The aircraft was on a scheduled international flight from Yerevan, Armenia to Sochi. At the time of the crash, visibility was limited due to darkness, a low overcast cloud layer, and light rain showers. The crew reportedly abandoned the first landing attempt due to the weather conditions. While the crew was maneuvering for a second landing attempt on a different runway, the aircraft crashed into the Black Sea about 6 km (3.8 miles) from the airport.
    All eight crew members and 105 passengers were killed.
    Fatal Events for Airlines of the former Soviet Union

  7. 17 July 2007; TAM Linhas Aéreas A320-200; PR-MBK; flight 3054; São Paulo, Brazil: The aircraft was on a scheduled domestic flight from Porto Alegre (POA) to the Congohas Airport in São Paulo (CGH). According to the airline, one of the two thrust reversers had been deactivated prior to the flight. The aircraft landed at a higher than normal speed and departed the runway. After the aircraft crossed a major road to the left of the runway, it crashed into a concrete building and caught fire. All six crew members and 181 passengers were killed, as well as several people on the ground.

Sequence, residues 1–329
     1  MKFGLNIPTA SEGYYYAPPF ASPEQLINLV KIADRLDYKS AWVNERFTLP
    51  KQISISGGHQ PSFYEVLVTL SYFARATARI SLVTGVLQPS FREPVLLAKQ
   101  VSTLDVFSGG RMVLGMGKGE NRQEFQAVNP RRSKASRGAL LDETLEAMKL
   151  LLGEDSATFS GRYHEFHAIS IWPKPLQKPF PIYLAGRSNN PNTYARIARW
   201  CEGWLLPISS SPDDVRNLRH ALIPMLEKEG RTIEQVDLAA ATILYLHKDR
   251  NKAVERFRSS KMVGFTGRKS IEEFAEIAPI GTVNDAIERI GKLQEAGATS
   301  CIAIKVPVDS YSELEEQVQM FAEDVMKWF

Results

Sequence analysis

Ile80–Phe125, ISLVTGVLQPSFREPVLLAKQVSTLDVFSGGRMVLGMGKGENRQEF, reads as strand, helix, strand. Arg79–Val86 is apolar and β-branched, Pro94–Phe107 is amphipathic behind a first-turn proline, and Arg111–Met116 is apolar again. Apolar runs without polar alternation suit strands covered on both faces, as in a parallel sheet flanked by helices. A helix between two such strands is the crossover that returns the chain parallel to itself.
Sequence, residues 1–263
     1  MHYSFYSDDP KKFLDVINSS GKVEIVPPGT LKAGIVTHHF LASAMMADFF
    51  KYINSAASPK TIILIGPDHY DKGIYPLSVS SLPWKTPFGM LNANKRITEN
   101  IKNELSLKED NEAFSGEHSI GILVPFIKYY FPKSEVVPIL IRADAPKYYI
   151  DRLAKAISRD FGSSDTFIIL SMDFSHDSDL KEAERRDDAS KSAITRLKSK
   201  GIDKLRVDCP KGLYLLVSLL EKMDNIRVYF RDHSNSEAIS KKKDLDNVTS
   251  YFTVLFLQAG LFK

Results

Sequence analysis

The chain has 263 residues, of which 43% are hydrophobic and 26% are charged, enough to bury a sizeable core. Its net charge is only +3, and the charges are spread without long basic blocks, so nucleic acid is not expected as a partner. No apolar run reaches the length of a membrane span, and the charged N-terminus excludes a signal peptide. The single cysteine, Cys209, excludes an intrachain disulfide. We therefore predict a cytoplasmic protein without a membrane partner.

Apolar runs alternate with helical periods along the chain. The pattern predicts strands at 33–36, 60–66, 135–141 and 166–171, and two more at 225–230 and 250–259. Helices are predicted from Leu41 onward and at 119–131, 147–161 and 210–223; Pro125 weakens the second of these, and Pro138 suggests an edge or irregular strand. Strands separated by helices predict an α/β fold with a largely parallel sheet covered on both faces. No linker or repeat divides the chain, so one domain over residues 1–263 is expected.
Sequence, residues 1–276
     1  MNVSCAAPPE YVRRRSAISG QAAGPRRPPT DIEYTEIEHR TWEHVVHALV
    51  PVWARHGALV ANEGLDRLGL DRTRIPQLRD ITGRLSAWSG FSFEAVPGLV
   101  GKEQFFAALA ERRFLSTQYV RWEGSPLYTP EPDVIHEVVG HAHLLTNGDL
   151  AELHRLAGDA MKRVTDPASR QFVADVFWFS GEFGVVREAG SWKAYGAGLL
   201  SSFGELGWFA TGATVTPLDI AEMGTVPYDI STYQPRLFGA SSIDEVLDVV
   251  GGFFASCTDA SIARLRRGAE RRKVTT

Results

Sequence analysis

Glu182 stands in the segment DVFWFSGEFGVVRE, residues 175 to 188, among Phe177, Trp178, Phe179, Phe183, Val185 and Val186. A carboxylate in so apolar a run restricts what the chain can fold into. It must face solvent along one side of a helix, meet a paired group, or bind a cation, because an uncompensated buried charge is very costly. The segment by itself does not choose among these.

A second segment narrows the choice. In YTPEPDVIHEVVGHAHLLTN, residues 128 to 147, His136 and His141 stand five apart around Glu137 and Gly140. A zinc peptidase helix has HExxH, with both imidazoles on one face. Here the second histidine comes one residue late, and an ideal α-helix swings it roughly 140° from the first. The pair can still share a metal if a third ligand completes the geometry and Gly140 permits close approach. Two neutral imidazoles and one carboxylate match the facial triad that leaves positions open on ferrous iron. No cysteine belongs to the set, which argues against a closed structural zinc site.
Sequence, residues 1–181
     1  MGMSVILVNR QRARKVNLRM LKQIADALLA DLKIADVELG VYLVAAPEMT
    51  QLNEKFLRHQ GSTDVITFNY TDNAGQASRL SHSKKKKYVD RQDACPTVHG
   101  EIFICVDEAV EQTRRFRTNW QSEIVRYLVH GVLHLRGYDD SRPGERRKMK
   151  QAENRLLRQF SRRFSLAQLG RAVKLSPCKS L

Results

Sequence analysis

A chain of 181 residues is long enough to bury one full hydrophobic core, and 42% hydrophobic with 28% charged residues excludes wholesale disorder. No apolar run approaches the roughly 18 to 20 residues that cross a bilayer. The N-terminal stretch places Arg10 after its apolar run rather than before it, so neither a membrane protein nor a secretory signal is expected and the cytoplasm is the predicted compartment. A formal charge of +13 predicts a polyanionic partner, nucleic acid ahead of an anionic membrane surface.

TAM plane crashes
    Map of the area of the accident

  8. 30 May 2008; TACA A320-200; Flight 390; Tegucigalpa, Honduras: The aircraft was on a scheduled international flight from San Salvador, El Salvador, to Tegucigalpa, Honduras. The aircraft landed, overran the runway, went down an embankment, and struck several vehicles. One of the six crew members and two of the 118 passengers were killed. Two people outside the aircraft were also killed.
    TACA plane crashes
    Initial report on this accident
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    27 November 2008; XL Airways Germany A320-200; D-AXLA; near Perpignan, France : The aircraft had been leased to XL Airways Germany and a flight test crew, along with an Air New Zealand civil aviation inspector, were conducting a test flight prior to the aircraft being returned to its owner, Air New Zealand. On approach into Perpignan, the aircraft was seen to enter a rapid dive before it crashed in the Mediterranean Sea just off the coast. All seven occupants were killed.